For anyone who gets neck / shoulder pain

Discussion in 'Technique [BG]' started by project_c, Jun 15, 2020.

  1. project_c


    May 8, 2008
    London, UK
    Not sure if this is helpful to anyone, but it might help some of you who get pain at the side of the neck / top of the shoulder on your plucking side. For a while I've noticed that playing some basses made my neck hurt in that specific spot, while I was absolutely fine with other basses.

    My posture / playing position was ok, the straps were all the same length, weight / type of strap had nothing to do with it, it happened whether I was sitting or standing, so I couldn't figure out why it was happening - until earlier today, when I grabbed my most comfortable bass (a Fender Jazz) and measured how high my plucking hand was from the ground in sitting position. Long story short, turns out that my right hand sits about 2 inches higher on the jazz bass (because of the larger body) than on the other basses, and because the basses rest on my leg when I play, it never occurred to me that my plucking hand ends up at slightly different heights depending on the bass body type. So I just shortened the straps on the other basses to match where my plucking hand sits on the jazz, and lo and behold, no more weird neck pain. Didn't think an inch or two of arm placement would make much difference, turns out it does.
  2. IamGroot

    IamGroot Inactive

    Jan 18, 2018
    The Jazz Bass bout caused my plucking arm shoulder to lift up, which created a very painful knot in my upper arm. I dont play a Jazz for long periods as a result.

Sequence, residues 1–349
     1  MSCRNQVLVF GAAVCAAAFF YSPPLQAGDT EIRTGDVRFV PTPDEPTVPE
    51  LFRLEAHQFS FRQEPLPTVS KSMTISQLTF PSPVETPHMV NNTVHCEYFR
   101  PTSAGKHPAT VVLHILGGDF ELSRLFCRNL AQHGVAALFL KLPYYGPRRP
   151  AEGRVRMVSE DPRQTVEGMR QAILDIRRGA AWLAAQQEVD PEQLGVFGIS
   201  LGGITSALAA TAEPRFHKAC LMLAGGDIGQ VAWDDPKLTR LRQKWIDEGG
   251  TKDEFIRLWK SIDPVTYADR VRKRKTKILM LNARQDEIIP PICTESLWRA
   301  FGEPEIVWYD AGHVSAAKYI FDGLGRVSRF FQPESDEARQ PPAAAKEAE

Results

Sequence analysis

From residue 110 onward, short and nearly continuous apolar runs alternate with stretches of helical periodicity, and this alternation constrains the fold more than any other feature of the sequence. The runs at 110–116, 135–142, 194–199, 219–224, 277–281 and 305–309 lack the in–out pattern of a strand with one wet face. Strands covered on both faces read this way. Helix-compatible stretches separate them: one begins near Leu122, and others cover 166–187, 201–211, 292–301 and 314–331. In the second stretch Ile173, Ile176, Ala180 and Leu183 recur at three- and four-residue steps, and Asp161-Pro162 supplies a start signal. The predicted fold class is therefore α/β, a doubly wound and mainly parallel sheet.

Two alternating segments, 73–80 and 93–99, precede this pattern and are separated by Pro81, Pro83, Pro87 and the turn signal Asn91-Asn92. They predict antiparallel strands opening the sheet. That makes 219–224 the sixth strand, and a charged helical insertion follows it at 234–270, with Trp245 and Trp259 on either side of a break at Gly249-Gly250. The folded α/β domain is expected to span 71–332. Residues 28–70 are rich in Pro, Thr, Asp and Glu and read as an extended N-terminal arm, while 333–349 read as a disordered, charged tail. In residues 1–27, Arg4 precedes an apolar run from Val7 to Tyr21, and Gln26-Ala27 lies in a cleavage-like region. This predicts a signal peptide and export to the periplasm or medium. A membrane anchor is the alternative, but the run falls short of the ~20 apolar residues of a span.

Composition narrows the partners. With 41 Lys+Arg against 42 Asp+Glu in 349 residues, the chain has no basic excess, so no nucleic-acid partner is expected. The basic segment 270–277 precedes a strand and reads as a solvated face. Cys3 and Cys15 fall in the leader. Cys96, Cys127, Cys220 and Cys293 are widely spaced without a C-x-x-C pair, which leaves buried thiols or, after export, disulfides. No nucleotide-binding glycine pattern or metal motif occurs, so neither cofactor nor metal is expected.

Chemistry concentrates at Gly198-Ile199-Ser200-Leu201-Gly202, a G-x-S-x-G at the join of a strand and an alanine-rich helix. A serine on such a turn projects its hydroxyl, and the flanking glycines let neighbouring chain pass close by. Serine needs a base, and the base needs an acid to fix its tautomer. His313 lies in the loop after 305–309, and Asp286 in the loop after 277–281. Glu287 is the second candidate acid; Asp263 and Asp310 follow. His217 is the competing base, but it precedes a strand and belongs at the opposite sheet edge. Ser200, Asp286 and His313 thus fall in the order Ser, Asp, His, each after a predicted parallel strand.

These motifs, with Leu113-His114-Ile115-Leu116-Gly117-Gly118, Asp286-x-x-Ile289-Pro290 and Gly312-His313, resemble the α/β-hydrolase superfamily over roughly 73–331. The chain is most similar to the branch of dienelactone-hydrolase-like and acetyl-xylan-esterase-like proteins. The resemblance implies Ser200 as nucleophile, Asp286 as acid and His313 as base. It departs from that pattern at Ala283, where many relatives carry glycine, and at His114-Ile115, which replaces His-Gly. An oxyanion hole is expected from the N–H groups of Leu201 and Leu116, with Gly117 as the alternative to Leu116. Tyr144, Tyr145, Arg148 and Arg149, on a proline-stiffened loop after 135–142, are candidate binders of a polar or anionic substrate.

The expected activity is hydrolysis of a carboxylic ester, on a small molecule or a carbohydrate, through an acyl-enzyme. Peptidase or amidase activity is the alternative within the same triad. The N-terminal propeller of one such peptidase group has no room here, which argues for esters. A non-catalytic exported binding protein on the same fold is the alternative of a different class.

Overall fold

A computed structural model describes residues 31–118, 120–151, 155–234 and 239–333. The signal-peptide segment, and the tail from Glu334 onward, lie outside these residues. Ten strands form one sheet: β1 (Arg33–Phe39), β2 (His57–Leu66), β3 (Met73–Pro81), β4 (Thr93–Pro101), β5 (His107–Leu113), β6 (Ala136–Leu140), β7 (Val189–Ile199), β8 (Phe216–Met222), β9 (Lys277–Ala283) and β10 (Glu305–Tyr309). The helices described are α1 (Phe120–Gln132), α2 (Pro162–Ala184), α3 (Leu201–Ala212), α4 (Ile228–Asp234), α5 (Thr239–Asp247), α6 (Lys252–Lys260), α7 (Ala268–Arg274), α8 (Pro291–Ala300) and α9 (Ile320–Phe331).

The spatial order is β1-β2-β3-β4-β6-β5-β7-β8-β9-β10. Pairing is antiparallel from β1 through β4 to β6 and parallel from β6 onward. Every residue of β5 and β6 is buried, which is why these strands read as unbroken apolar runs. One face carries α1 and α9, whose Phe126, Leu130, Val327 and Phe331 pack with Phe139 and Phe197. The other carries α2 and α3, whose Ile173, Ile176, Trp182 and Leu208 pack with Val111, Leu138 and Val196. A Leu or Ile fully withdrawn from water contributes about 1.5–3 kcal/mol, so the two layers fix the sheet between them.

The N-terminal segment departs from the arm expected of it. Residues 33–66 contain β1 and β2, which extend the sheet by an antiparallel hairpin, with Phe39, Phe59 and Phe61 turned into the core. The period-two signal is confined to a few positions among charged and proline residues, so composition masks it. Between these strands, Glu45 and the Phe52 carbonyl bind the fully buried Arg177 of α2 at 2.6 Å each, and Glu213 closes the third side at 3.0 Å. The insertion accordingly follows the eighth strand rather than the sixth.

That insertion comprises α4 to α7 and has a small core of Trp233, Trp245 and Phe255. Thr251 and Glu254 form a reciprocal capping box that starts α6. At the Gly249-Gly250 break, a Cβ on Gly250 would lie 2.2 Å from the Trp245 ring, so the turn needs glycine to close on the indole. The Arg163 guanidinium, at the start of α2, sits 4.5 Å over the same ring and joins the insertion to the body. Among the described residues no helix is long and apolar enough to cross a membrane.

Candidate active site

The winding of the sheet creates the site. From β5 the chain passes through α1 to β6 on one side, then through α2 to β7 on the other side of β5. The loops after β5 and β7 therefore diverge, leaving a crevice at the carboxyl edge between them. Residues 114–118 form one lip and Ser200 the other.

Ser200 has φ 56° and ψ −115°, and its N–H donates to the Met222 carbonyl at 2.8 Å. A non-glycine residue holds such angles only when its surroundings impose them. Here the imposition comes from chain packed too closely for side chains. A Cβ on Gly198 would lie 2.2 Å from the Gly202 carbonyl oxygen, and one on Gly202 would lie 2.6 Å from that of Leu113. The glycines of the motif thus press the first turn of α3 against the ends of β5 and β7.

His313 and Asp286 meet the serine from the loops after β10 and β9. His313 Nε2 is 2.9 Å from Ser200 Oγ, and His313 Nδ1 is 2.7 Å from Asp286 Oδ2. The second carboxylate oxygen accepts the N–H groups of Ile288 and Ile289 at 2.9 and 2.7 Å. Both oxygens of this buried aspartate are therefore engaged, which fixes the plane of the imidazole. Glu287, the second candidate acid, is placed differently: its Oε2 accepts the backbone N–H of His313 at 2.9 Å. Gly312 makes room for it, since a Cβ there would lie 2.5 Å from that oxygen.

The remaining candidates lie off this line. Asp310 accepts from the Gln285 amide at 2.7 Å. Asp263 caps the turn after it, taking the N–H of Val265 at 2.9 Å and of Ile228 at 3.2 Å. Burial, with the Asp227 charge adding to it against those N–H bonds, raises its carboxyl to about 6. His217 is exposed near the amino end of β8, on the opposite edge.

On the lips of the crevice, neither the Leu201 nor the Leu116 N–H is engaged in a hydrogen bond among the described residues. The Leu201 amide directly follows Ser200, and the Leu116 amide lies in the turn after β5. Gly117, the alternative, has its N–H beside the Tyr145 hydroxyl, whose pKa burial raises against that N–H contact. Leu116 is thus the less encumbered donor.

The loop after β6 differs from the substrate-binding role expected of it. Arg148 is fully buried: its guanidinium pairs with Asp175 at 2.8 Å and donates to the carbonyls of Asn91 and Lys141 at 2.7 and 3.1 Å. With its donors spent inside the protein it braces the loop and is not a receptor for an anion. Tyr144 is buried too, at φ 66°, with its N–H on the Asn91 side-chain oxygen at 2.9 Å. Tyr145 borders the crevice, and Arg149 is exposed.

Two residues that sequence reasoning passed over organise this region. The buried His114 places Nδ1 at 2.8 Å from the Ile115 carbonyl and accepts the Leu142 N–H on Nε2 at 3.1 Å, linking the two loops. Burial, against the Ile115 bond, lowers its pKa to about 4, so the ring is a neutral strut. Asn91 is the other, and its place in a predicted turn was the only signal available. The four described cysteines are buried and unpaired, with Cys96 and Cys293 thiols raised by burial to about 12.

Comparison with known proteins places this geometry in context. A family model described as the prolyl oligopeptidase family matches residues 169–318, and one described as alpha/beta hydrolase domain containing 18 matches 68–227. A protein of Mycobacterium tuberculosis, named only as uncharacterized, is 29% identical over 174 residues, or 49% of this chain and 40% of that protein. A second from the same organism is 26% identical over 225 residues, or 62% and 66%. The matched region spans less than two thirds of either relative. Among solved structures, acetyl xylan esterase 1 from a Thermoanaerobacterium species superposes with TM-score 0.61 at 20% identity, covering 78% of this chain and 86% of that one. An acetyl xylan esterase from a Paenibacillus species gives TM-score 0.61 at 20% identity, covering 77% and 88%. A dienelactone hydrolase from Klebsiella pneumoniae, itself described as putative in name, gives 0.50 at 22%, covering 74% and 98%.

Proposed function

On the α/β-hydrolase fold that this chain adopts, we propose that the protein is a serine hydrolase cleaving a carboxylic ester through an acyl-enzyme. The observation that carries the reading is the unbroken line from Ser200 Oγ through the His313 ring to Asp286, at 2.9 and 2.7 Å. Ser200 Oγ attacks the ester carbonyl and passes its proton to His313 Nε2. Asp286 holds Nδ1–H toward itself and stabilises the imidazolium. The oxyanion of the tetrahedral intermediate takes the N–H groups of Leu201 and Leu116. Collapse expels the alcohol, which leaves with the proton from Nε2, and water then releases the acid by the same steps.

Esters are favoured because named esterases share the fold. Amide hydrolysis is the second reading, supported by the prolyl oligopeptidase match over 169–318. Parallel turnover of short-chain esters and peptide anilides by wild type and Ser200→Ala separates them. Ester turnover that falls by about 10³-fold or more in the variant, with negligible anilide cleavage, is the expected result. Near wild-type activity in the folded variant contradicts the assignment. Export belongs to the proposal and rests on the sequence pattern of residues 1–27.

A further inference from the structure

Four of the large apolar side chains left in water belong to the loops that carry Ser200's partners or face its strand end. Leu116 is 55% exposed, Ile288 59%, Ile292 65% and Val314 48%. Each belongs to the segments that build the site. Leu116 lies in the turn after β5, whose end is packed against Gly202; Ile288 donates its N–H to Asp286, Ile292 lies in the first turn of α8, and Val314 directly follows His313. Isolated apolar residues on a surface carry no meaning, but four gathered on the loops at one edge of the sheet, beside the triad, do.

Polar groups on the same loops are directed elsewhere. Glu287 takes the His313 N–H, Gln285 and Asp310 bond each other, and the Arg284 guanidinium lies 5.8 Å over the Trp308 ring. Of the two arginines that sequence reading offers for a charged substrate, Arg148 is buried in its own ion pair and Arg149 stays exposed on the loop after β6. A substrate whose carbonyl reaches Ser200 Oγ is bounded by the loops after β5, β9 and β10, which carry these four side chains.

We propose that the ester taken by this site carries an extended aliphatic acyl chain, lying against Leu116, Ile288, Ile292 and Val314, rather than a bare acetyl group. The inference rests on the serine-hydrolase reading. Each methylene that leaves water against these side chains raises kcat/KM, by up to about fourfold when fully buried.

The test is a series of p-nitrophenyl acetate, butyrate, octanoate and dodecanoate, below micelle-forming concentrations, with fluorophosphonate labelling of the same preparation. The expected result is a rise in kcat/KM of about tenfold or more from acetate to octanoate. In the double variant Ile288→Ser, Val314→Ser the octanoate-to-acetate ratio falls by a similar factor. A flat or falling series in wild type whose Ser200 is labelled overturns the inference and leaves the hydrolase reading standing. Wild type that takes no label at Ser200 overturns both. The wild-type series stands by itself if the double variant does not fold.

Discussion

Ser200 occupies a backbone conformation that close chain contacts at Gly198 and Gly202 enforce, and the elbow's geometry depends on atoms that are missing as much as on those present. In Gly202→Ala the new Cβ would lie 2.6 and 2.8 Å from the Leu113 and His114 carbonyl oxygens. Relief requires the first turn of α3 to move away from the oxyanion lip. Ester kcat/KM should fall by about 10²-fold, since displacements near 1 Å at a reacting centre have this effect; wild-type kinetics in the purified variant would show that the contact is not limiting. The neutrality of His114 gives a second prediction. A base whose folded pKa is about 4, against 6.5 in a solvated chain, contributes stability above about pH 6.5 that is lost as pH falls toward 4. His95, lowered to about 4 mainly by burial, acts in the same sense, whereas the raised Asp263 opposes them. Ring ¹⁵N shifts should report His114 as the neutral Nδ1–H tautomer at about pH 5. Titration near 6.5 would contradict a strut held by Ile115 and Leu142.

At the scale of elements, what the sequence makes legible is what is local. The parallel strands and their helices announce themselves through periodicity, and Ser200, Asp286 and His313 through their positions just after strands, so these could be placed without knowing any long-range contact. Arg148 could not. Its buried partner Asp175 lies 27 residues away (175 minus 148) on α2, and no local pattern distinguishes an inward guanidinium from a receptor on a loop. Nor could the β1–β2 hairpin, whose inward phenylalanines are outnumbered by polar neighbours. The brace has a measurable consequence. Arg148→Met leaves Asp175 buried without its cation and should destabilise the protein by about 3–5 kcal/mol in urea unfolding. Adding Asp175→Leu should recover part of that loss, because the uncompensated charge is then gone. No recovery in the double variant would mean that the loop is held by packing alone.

3. I noticed that I get pain between my right shoulder and neck if I have the bass too high. I was messing around with my strap height because I've been getting more fatigued in my left shoulder lately - I had a minor car accident a few years ago that made it very uncomfortable to hold a bass at all for a long time, and just recently got back into regular practice. I now have the bass halfway between my original low-slung playing height, and the higher position that made it comfortably on my left side. I guess I'll just have to split the discomfort and tough it out.
    project_c likes this.
  4. project_c


    May 8, 2008
    London, UK
    I guess everyone has a different take on this, I’m always surprised by how much our physical features affect our playing, and how even the smallest differences in our anatomy can change what we perceive as comfortable or painful. Hope you manage to recover from the injury and you don’t have to tough it out for too long!
    Groove Doctor likes this.
  5. Ehh, it's just one more pain to tune out. I've played gigs with a migraine :banghead: I'm just glad to finally be back to the point where I can play for more than a couple minutes before my muscles start seizing up. A friend asked me to fill in at her church in a few weeks, it will be the first time I have to play for an extended period in a long time, we'll see how that goes.
  6. mambo4


    Jun 9, 2006
    Can't you just put your bass at an angle where each hand is comfortable?
    I generally put the bridge lower for my right hand and angle the neck up for my left.
    See my avatar image...

    Raising my bass only improves the left hand when well above the 12th fret, for me.
    Also I only seriously practice standing up, like I would gig.